Biography: Andrea Dunaif, MD

Andrea Dunaif, MD
  • Lillian and Henry M. Stratton Professor of Molecular Medicine
  • Chief of the J. Lester Gabrilove Division of Endocrinology, Diabetes and Bone Disease
  • Icahn School of Medicine at Mount Sinai
  • New York, NY

Andrea Dunaif, M.D., is the Lillian and Henry M. Stratton Professor of Molecular Medicine and Chief of the J. Lester Gabrilove Division of Endocrinology, Diabetes and Bone Disease at the Icahn School of Medicine at Mount Sinai, New York, NY. Dr. Dunaif graduated from Sarah Lawrence College and obtained her M.D. degree from Columbia University College of Physicians and Surgeons. She completed her training in Internal Medicine at Presbyterian Hospital in New York City and her subspecialty training in Endocrinology and Metabolism at the Massachusetts General Hospital in Boston.

Before joining Mount Sinai in May 2017, Dr. Dunaif was the Charles F. Kettering Professor of Endocrinology and Metabolism at the Feinberg School of Medicine, Northwestern University where she served as Chief of the Division of Endocrinology, Metabolism and Molecular Medicine for 10 years and Vice Chair of the Department of Medicine for Research for 5 years. Prior to her tenure at Northwestern, she held a number of leadership positions in academic medicine, including Chief of the Division of Women’s Health at Brigham and Women’s Hospital and Director of Harvard Medical School’s Center of Excellence in Woman’s Health. Her first faculty appointment after fellowship was at Mount Sinai.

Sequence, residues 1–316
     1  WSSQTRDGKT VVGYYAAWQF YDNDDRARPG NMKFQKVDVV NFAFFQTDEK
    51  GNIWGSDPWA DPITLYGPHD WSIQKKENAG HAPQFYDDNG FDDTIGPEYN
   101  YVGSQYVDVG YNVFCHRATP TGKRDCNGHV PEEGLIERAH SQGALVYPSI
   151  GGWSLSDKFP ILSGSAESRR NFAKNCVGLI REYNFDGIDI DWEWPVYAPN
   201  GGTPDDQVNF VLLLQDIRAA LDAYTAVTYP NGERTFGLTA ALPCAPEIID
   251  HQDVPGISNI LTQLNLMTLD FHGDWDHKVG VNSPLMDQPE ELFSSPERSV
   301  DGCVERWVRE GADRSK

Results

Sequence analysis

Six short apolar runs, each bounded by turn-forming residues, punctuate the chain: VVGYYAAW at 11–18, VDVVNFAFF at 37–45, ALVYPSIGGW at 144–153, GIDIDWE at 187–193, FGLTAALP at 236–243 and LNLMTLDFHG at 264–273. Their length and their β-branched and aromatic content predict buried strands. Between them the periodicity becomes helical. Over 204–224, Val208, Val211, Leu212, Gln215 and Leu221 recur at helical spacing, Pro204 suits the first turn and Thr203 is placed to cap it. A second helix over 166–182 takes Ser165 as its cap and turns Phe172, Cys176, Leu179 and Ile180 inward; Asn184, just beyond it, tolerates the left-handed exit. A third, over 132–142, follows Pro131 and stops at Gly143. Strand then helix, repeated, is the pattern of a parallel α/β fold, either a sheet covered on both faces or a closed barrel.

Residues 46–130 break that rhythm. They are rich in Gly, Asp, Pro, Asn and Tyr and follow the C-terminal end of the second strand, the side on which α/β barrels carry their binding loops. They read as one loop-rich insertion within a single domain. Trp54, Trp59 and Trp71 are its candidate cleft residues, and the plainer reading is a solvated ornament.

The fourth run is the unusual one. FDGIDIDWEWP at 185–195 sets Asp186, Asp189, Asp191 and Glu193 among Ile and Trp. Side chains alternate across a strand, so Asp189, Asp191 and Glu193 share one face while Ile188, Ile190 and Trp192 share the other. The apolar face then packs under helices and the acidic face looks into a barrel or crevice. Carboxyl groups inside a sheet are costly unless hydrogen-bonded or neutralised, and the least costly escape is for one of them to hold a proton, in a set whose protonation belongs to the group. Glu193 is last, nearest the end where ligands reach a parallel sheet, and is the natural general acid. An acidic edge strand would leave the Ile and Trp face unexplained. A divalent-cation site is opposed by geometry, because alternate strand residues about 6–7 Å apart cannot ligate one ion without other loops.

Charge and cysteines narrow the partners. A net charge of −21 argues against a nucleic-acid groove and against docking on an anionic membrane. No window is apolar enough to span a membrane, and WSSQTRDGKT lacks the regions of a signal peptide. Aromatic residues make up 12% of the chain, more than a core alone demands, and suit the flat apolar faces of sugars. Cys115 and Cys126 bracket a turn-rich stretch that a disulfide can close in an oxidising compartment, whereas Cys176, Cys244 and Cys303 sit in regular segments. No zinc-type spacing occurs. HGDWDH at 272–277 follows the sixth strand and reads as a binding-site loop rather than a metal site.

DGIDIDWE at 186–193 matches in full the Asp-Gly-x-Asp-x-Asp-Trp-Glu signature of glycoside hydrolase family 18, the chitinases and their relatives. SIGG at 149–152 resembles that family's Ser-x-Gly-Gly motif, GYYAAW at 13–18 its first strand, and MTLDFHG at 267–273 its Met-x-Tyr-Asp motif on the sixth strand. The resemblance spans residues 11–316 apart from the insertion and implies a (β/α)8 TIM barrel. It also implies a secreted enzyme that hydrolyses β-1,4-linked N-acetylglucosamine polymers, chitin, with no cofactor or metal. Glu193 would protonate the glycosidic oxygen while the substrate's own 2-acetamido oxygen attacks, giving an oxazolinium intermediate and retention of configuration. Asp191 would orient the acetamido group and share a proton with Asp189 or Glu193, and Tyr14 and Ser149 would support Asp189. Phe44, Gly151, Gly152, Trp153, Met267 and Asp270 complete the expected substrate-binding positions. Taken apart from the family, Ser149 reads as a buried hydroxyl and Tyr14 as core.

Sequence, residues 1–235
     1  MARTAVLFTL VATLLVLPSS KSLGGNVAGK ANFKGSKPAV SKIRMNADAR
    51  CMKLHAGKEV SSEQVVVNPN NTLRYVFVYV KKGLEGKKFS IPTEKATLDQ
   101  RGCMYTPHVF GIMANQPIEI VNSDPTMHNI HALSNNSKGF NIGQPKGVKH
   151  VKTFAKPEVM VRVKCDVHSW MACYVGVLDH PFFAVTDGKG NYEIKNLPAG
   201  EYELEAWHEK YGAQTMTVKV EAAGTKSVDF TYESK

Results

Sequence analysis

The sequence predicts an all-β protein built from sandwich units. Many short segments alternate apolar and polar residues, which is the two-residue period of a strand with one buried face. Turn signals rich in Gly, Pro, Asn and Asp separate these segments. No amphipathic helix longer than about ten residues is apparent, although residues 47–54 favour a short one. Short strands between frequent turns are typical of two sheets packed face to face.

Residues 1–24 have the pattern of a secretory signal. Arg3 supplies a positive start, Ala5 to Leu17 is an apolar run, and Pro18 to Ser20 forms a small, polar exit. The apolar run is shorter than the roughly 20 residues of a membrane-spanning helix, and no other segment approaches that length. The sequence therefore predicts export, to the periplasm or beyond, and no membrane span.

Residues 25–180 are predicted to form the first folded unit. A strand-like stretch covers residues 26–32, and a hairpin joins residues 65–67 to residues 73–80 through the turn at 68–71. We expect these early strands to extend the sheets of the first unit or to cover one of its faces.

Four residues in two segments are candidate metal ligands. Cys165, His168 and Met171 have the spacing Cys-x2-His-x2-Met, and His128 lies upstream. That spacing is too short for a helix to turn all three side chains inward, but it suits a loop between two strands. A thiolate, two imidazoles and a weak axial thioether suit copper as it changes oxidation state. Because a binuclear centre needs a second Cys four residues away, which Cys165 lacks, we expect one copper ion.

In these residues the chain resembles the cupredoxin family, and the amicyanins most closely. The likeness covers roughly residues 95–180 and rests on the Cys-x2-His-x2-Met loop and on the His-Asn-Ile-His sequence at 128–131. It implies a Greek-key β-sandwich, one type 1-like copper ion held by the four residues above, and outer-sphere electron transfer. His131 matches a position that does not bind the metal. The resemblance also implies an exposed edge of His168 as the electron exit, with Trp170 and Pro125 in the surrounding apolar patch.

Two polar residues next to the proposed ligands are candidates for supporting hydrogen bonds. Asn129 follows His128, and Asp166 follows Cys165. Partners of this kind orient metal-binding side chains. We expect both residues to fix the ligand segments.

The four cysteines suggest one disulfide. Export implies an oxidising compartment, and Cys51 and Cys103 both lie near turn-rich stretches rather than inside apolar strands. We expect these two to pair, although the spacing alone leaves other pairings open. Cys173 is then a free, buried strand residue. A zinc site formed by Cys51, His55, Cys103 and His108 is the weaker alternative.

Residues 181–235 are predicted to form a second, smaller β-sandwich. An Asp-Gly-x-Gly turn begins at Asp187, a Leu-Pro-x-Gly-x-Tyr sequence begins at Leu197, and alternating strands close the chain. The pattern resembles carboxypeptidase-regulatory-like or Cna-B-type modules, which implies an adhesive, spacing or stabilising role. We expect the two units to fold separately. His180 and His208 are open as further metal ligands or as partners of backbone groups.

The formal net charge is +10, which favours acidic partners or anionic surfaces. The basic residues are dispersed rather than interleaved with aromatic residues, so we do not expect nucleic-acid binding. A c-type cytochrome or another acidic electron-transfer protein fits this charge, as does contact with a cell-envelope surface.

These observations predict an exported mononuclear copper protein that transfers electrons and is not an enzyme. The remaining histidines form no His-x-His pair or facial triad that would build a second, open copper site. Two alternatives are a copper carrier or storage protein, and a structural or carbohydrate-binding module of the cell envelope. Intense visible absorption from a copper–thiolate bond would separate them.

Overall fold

Dr. Dunaif is an internationally recognized expert in endocrinology and women’s health. Her research on polycystic ovary syndrome (PCOS), the most common hormonal disorder of reproductive-age women, has shown that it is a leading risk factor for type 2 diabetes mellitus. Further, this research has revolutionized the treatment of PCOS with insulin sensitizing drugs. Dr. Dunaif is the Director of a National Institutes of Health-supported Specialized Center of Research on Sex Differences and leads an international effort to map the genes for PCOS.

Dr. Dunaif has more than 135 original scientific publications and has edited four books. She has received numerous awards and honors including the Endocrine Society’s highest award for clinical research, the Clinical Investigator Award, and the Arnold Adolph Berthold Medal Prize from German Endocrine Society. She has been elected to the American Society for Clinical Investigation and the Association of American Physicians. Dr. Dunaif received a Doctor Honoris Causa from the University of Athens Medical School. She is a past president of the Endocrine Society, a former associate editor of The Journal of Clinical Endocrinology and Metabolism and Obesity and a past Chair of the National Institutes of Health Integrative and Clinical Endocrinology and Reproduction Study Section.

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